Here are some discussion questions pulled from the reader's guide at the back of the book, along with one or two of my own. Pick a couple questions you relate to and post your comments. Feel free to add your own questions or respond to previous comments.
* Have you ever held down two jobs to make ends meet? What is the lowest paying job you ever held, and what kind of help -- if any -- did you need to improve your situation?
* Have your perceptions of poverty and prosperity been changed by reading this book? How about your treatment of low-wage workers, such as waiters, maids and salespeople?
* Housing costs pose the greatest obstacle for low-wage workers, especially in places like the Bay Area. How have you dealt with the high cost of housing? Do you believe there are realistic solutions to the lack of affordable housing?
* Ehrenreich is white and middle class. She thinks her experience would have been different if she'd been a woman of color or a single parent. Do you? In what way?
* The workers in Nickel and Dimed receive almost no benefits. Is this fair? Do you think an increase in wages (say, to a so-called "living wage") would help make up for the lack of benefits...or is this a completely different problem?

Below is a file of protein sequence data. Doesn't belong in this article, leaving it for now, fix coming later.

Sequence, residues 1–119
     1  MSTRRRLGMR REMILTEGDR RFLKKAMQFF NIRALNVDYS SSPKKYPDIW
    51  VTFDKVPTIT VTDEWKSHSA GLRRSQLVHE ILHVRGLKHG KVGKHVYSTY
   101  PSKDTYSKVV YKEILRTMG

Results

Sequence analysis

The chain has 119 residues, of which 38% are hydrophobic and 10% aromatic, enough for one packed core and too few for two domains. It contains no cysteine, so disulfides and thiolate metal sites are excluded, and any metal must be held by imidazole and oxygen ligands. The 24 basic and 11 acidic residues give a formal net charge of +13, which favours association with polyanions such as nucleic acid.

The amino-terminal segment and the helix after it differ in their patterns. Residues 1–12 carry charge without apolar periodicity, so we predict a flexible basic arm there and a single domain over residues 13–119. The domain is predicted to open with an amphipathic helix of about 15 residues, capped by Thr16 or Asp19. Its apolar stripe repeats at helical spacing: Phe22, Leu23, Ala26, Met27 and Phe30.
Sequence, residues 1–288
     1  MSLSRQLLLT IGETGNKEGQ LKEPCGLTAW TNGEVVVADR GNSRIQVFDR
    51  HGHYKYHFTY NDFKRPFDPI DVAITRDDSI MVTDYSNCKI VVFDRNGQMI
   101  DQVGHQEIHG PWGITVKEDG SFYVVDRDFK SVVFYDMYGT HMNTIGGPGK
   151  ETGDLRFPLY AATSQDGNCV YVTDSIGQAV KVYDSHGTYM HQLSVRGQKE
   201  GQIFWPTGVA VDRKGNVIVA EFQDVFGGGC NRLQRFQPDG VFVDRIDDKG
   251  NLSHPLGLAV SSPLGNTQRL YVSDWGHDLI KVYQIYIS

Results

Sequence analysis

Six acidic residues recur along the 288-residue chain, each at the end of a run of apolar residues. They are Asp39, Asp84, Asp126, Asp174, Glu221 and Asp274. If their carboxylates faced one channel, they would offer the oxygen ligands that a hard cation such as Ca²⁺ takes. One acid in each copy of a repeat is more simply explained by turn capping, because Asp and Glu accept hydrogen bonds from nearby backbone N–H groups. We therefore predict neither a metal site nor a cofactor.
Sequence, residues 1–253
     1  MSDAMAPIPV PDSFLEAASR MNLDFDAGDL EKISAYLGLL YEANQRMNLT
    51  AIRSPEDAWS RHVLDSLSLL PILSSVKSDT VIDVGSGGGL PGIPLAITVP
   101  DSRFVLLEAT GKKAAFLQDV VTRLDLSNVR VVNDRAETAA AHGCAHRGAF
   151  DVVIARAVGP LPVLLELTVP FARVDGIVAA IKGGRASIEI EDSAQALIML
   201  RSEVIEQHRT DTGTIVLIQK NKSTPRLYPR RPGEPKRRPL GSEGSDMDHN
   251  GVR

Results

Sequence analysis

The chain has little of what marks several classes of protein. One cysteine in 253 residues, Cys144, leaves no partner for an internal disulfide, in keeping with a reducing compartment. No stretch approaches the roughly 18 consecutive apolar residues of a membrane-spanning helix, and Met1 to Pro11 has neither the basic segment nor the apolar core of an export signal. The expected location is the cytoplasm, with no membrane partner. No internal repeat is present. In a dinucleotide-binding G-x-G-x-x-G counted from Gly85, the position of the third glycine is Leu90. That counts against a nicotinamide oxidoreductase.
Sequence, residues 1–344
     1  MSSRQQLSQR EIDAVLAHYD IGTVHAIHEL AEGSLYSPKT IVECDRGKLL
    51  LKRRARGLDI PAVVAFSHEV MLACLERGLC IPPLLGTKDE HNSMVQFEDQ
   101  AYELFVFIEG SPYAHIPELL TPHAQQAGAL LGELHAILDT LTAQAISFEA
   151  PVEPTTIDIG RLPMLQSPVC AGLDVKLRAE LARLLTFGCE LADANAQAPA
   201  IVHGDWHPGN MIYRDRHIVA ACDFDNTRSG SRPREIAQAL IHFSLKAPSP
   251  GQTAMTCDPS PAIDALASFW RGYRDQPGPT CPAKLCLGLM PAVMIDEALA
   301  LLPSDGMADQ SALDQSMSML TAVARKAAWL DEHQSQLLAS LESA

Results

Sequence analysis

* Nickel and Dimed takes place in 1998-2000, a time when the economy was booming. Do you think Ehrenreich's experience would be different in today's economy? How so?
* After reading Nickel and Dimed, do you think that the lower-income people who were recently evacuated from News Orleans and other damaged coastal cities in the wake of Hurricane Katrina will be able to afford to return?
If you'd like more information on Nickel and Dimed...or if you'd like you'd like to hear Barbara Ehrenreich talk about the book or read what others have said about it...or if you'd just like the "Cliff Notes" version of the book, here are some links to check out:
* The Nickel and Dimed web site, maintained by the Institute for Policy Studies, has links to a number of articles, interviews and resources related to the book
* Barbara Ehrenreich interview on Weekend Edition (NPR) interview, May 19, 2001 -- audio file